Traditional schools wanting to embed SLCs into the existing environment face even greater barriers.  Any school struggles with organizational change, and because SLCs require dramatically new thinking about teaching and learning, the work of change seekers is likely to collide with the traditional notion of students as passive participants and teachers as the center of the classroom experience (AIR and SRI, 2006).  This often spells disaster for a budding SLC.  Time, tradition, and rigid structures can act like a storm surge that follows a hurricane and wash away well-intentioned plans in a matter of days, even seconds.  We are, after all, causing a change in atmospheric conditions in schools when we try to implement new ways of doing business; days of high and low pressure are inevitable.  

Despite the challenges, the rewards for learning are many when schools make SLCs a central component of their program.  According to Barbara Wornson, Executive Director at Arcadia Charter School, located in Northfield, Minnesota, the small aspect of their learning community is what enables relationships to flourish.  Arcadia enrolls approximately 120 students in grades 6-12 and has been open since 2004.  Staff get to know each child on an individual basis.  Students also get to know each other well.  As a result, a true community is formed.  

Arcadia uses “lots of restorative practices, lots of circles, and lots of talking through things,” says Wornson (B. Wornson, personal communication, October 13, 2017).  Students have a voice, and there is a measure of accountability that is part and parcel of being a member of the Arcadia community.  Their SLC works best in the mix of classes and project-driven work they have developed.  Because of the small learning community, students know the rigor expected in their projects, for which there is a well-designed process for approving, supporting, and presenting a proposal for individual study.  “Students don’t fear failure or ridicule.  The advisory model helps them shape their projects and the expectations around them.  Still,” Wornson cautions, “size is not a panacea.”  Some students have special needs that require supportive attention.  And while it is exciting that students can work at their own pace, finding enough mentors has been challenging for Arcadia.  Mentors from the community provide a significant level expertise to students when studying their topic of choice.  To meet the demand for the number of mentors needed, they leverage volunteers and partner with an array of community entities.  Wornson encourages others utilizing SLCs to be sure to “put legs under their mission and vision.”  Resources will be slim, she says, and you have to be creative.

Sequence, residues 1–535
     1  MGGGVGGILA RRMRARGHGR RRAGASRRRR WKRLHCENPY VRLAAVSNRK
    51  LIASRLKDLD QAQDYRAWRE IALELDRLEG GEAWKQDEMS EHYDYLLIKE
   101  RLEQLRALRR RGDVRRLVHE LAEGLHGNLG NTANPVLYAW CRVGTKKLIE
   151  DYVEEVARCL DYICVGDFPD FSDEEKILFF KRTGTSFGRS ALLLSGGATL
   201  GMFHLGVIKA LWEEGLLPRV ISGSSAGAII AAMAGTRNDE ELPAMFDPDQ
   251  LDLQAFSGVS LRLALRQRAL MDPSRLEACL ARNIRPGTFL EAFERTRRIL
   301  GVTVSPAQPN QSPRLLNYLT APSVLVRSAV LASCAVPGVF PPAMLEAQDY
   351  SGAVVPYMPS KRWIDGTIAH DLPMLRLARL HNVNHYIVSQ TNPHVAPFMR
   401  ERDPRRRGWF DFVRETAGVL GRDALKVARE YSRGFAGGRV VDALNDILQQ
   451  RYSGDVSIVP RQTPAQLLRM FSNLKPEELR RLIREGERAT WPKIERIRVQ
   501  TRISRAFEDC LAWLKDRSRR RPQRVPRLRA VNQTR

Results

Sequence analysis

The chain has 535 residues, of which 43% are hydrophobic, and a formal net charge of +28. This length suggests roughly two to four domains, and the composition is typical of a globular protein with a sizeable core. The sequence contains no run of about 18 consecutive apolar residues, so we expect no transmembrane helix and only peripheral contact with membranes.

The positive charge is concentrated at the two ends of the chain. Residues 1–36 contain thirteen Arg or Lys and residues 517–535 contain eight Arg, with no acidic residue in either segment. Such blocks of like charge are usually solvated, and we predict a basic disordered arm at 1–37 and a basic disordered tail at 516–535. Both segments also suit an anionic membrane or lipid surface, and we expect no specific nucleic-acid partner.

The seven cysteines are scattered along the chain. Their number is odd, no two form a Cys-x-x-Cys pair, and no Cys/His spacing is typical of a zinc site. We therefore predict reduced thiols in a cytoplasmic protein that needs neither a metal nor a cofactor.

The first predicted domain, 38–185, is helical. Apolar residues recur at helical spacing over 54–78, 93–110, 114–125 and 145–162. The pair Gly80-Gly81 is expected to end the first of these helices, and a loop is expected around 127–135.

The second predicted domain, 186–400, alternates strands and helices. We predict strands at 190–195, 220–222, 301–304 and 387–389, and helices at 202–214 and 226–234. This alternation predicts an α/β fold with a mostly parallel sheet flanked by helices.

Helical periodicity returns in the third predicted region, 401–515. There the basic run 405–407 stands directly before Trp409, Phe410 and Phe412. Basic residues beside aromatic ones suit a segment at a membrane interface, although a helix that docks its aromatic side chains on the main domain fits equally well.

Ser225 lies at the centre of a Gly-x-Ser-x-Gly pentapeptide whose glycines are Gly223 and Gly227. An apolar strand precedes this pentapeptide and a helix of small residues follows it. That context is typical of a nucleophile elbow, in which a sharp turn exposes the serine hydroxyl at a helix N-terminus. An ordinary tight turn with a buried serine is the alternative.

If you want to succeed in creating a high-performing SLC that takes teaching and learning to a new level, it is wise to take the long view.  Whether you are in a start-up school or a traditional setting seeking to create an SLC, the model must be allowed to evolve over time.  If your SLC has been in place for a while, it may be time for a deep look at how well it is meeting your desired expectations.  

An SLC is not a structural element, as the name would suggest.  As stated earlier, shared beliefs and actions grounded in those beliefs are what activate the power of an SLC, not the size of the group alone.  The people at the center of your SLC – students, teachers, and parents – need frequent opportunities to explore and articulate their beliefs.  This will enable them to move from individual understandings to framing a collective set of shared ideals that are highly tangible through school practices.  Only then does an SLC become a compelling way of being.  

Nor is an SLC is a methodology to master.  An SLC matures over time; therefore you can and should expect multiple iterations.  Change will be constant, and it will require attention that will need to be sustained over a span of years.  An ongoing focus on the health and vitality of your SLC should always be part of your continuous improvement process.  A robust set of guiding questions, strategies, and tools to position your SLC for success no matter where you place yourself on the development continuum will help make this possible.